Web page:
Why doesn’t it accept my answer if I put spaces around the slashes?



Why doesn’t it accept my answer if I put spaces around the slashes?


For any exercise on Codecademy, your code is checked over by tests running in the background when you press Run. If the instructions ask for a specific output, variable name, or value, that is exactly what you must type.
Computer’s aren’t able to interpret what you meant to type, so we have to use exactly what is being checked for, otherwise it’ll be counted wrong.
In this exercise, it asks for us to display the date as mm/dd/yyyy, without any spacing anywhere. So that’s exactly how we should print it, and including spaces will throw a convenient error message:
It looks like there are spaces surrounding the slashes.

FAQ: Learn Python - Date and Time - Hot Date

it did work

from datetime import datetime
now = datetime.now()
print '%02d / %02d / %04d' %(now.day, now.month, now.year)

my Result
08 / 09 / 2018


Did it work in the lesson, though? What you have fashioned is print output, not a date string. Standard date formats have no spaces in them. In order for that to be accepted in the lesson, the spaces must be removed.


take a look at my screenshot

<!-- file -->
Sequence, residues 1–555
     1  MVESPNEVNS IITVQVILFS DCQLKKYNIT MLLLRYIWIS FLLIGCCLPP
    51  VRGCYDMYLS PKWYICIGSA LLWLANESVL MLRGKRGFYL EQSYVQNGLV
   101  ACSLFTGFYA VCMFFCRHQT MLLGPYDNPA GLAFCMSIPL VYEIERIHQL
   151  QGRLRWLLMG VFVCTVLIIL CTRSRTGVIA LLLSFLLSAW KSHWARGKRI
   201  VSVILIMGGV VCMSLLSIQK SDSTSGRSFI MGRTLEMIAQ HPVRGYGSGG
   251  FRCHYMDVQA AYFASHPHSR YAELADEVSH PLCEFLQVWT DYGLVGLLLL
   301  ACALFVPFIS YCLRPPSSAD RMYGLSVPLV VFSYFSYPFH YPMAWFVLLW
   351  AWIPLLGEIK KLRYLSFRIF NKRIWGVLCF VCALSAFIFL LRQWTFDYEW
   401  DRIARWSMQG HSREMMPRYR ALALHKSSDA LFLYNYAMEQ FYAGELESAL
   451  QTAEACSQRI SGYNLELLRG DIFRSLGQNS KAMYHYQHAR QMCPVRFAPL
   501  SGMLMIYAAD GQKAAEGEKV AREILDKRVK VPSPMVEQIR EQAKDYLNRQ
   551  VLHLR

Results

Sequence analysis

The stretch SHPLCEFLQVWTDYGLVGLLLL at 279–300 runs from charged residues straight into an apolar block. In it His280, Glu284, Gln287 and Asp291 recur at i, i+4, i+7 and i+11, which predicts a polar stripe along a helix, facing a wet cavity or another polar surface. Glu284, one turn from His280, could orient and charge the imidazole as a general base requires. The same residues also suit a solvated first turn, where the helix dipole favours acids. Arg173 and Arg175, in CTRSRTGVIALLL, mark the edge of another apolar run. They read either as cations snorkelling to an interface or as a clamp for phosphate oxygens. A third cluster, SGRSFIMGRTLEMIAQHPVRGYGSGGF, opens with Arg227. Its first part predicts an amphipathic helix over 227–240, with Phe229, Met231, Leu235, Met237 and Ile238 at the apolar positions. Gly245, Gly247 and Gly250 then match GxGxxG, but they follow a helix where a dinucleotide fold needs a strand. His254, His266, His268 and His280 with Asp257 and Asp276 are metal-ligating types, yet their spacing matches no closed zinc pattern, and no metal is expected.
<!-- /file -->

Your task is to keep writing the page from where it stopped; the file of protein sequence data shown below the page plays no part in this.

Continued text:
i was wondering too sir


I run it for hour:minute:second, it run and displayed the result but again displayed

It looks like there are spaces surrounding the colons. Remember to use + for string concatenation

Don’t whether its because i run it inside the practicing environment?
Sir, i really need clarification on this one.


It is the lesson environment that is reporting that error which means it doesn’t match the expectations. The lesson checker is very limited in scope and does not have a range of expectations. More likely, there is one expected pattern to match against, and that’s it. Deviation from that pattern, however valid, will result in an error.

We’re writing lesson code, not real world production code. For best results follow the instructions to the letter.


Thanks you very much sir.


Does it matter what letter you use after the %02 ? I tried d and I and they worked but other like f and a didn’t. What is the importance of the letters after the %02/%04s?


Yes, it must be a letter that the interpreter recognizes.

d => digit
i => integer (same as above)
f => float
s => string
r => representation (a list, tuple, set, dictionary)

%04s will pad the left side of a string with spaces up to a maximum output length of 4. If the string is 4 or more characters long there will be no pad.

>>> print ("%04s" % 'a')
>>> print ("%04s" % 'abcde')
>>> print ("%04d" % 1)
>>> print ("%4.2f" % 1.1)

Note how it pads a number with 0’s. Note also how padding is ignored on floats.


The above has both old and new examples for comparison. The new format method may not work in Python 2. There is a way to include it but I’ve forgotten and will have to research that again.